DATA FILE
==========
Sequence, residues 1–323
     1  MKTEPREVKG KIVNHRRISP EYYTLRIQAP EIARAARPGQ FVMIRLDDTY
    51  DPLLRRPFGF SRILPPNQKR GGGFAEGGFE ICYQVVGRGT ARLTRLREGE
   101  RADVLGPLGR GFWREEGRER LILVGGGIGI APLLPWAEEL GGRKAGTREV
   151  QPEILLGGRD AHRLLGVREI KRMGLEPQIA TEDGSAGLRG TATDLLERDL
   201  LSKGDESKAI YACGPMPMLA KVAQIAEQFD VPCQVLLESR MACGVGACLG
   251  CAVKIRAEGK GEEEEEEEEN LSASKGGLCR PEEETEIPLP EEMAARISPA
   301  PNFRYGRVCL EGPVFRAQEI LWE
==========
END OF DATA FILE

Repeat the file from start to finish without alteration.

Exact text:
Sequence, residues 1–323
     1  MKTEPREVKG KIVNHRRISP EYYTLRIQAP EIARAARPGQ FVMIRLDDTY
    51  DPLLRRPFGF SRILPPNQKR GGGFAEGGFE ICYQVVGRGT ARLTRLREGE
   101  RADVLGPLGR GFWREEGRER LILVGGGIGI APLLPWAEEL GGRKAGTREV
   151  QPEILLGGRD AHRLLGVREI KRMGLEPQIA TEDGSAGLRG TATDLLERDL
   201  LSKGDESKAI YACGPMPMLA KVAQIAEQFD VPCQVLLESR MACGVGACLG
   251  CAVKIRAEGK GEEEEEEEEN LSASKGGLCR PEEETEIPLP EEMAARISPA
   301  PNFRYGRVCL EGPVFRAQEI LWE